Mets RHP Noah Syndergaard gave up two hits, while striking out 10 of 25 batters, through seven scoreless innings during Wednesday's 3-0 loss to the Giants.
"I've got to rank this one tonight as good as any under the circumstances," Terry Collins said of Syndergaard, who took a no-hitter in to the sixth inning. "He stepped up when we needed him. He stepped up last year when we needed him. He's grown so much, even though he's still very, very young, he's grown so much and matured so much as a pitcher. He's going to be really, really good."
Syndergaard threw 25 pitches in the fourth inning, 19 in the sixth inning and 18 in the seventh, finishing his night with 108 pitches thrown. Bumgarner, by contrast, threw just 21 pitches through the first three innings.
"Baseball has a way of ripping your your out, stabbing it, putting it back in your chest, then healing itself just in time for Spring Training," Syndergaard tweeted to his 248,000 followers after the game.
In a season when the Mets lost Matt Harvey, Jacob deGrom and Steven Matz, Syndergaard ranked second on the team with 183 2/3 innings pitched and led the Mets with a 2.60 ERA and 218 strikeouts.
"It stings a little bit," he told reporters after the game, when asked about the loss. "But, I couldn't be more proud of this group of guys after everything we've been through."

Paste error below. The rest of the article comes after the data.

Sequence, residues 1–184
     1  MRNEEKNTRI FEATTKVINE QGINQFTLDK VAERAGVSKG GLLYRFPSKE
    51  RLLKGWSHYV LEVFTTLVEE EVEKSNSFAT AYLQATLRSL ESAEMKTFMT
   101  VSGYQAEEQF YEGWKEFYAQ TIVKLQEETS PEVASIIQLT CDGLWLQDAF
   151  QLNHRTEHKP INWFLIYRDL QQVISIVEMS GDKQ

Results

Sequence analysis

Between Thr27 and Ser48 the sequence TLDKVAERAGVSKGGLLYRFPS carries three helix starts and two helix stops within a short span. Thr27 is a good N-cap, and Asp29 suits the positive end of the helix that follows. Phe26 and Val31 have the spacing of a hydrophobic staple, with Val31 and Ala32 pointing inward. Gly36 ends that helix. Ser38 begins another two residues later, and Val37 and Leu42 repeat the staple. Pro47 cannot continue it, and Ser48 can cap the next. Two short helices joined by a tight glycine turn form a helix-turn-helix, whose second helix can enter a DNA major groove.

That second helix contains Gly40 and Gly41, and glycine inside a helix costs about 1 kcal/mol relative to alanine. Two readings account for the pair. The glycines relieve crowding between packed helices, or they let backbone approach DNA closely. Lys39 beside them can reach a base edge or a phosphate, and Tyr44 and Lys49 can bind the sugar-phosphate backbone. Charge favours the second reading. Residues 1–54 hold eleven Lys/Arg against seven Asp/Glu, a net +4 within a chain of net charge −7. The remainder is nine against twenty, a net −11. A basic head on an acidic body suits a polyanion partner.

Syndergaard, 24, became the youngest pitcher to strike out 10 batters in a winner-take-all playoff game. He has a 2.42 ERA in five playoff games during his career.
"He's going to be very special," Collins said, "because you can't be a lot better when you're challenged in these situations, and he did a great job."
Syndergaard is a total badass, and he's only going to get better. It wasn't until midway through the seventh inning, when getting close to 100 pitches, that he started to look hittable. Frankly, he may have had an even better night had the home plate umpire not been so picky. It was an incredible outing.
According to Inside Edge, Syndergaard threw 42 pitches over 98 mph, which is more than the Phillies threw as a team all season.
The thing is, he's got to figure out how to get easier outs earlier in the game, so he can keep his pitch count down and decrease his work load and stay on field longer than he does. At the very least, I expected him to start the eighth inning last night, despite being at 108 pitches.
Instead, Collins went to Addison Reed -- who was due up four spots later in the order, by the way. Reed struggled, but escaped the jam. For what it's worth, had Noah done the same, Reed could have been used in the ninth inning. He would have faced Conor Gillaspie, not Jeurys Familia, who could have then been used in the 10th inning. Who knows, maybe it doesn't matter, or maybe a different mix to Familia could have resulted in a different outcome?
We'll never know, though, because Syndergaard eclipsed 100 pitches and -- like on autopilot, as if there was another start coming in five days -- Terry gave him the hook. In other words, had Noah been 'more efficient,' as they say, and still looking strong, he may have been sent back out.
At any rate, again, when he was on the mound, Noah was powerful and brilliant and he seemingly mystified the Giants. He rose to the occasion and should be proud of his 2016 season.